If you have been diagnoses with DVT, you likely have questions about the condition. Here are some things you should consider and questions to ask your doctor about DVT.
What is DVT?
DVT, or deep vein thrombosis, is a blood clot in one of the deep veins in your body. This is usually located within the muscle of your leg.
How Dangerous is DVT?
The most dangerous part of DVT is that the clot, or a piece of it, could break off and travel to your lungs. This would cause a blockage known as a pulmonary embolism.
What Causes Deep Vein Thrombosis?
DVT can form when you’re sitting still for hours, like on a long plane ride or car trip. It can also happen after surgery or during a long hospital stay. Additionally, women who take hormones like estrogen are more likely to develop a clot. So are people who smoke.
How is it Treated?
First, the doctor will probably give you shots of heparin, a blood thinner. This makes it harder for your blood to clot and keeps the clot from getting bigger, or others from forming. However, this does not break up the clot. Your body will have to break it up over time.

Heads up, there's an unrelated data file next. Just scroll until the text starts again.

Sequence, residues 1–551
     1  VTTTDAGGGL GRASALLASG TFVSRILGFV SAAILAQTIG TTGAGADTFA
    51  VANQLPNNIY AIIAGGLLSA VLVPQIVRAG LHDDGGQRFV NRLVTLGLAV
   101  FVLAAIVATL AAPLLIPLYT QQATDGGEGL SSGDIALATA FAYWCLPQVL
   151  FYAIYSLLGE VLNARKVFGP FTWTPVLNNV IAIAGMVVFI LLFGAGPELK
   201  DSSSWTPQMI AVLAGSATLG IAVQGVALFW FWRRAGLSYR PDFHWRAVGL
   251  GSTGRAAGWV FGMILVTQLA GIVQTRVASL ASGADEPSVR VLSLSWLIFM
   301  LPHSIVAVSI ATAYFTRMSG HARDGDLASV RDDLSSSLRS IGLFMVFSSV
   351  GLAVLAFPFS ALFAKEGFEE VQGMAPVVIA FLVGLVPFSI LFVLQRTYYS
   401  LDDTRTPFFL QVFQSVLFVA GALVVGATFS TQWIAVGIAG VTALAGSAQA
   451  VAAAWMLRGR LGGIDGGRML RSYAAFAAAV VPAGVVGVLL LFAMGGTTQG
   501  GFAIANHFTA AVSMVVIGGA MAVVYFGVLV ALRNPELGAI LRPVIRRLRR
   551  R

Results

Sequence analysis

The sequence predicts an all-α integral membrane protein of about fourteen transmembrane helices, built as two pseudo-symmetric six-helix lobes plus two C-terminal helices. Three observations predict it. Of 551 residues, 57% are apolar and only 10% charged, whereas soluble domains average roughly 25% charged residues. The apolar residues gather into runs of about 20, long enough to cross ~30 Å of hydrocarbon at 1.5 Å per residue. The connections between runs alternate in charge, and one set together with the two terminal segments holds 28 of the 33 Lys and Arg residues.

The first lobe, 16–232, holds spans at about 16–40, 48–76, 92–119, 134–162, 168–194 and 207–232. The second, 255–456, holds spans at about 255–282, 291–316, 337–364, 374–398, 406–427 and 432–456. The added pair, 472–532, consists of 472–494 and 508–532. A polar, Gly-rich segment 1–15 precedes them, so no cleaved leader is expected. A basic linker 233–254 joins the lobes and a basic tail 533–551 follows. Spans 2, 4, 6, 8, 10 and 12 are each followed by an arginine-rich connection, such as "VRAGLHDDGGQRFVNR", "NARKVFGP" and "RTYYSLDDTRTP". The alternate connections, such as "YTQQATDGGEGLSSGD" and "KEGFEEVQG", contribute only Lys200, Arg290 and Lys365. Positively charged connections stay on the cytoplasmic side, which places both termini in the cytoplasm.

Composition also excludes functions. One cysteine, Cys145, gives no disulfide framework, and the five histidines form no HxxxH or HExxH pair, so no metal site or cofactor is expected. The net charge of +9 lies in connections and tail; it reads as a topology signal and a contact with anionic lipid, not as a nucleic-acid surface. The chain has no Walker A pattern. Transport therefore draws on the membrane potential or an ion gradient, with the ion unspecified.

Additionally, you may need to take blood thinner pills and have your blood checked often. The time frame for this depends entirely on what caused your blood clot. If it was the result of a surgery and you don’t have other risk factors, you may not need blood thinners for long. but if it was due to an inherited condition or a chronic disease, it could be longer.
Can I Still Exercise?
Yes, you can still move around and walk after you have been diagnoses with DVT. However, you should take it easy and talk to your doctor about the type of exercises you like to do and whether its safe.
Does DVT cause stroke or heart attack?
Clots formed in the deep veins don’t usually move to the heart or brain. It is usually blood clots in an artery (called arterial thrombosis) that can travel to the heart and cause a heart attack or the brain to cause a stroke.
DVT Questions for Your Doctor
Speak to your doctor about your questions and concerns, as well as your treatment options. To learn more, please contact the Vein Center of Maryland.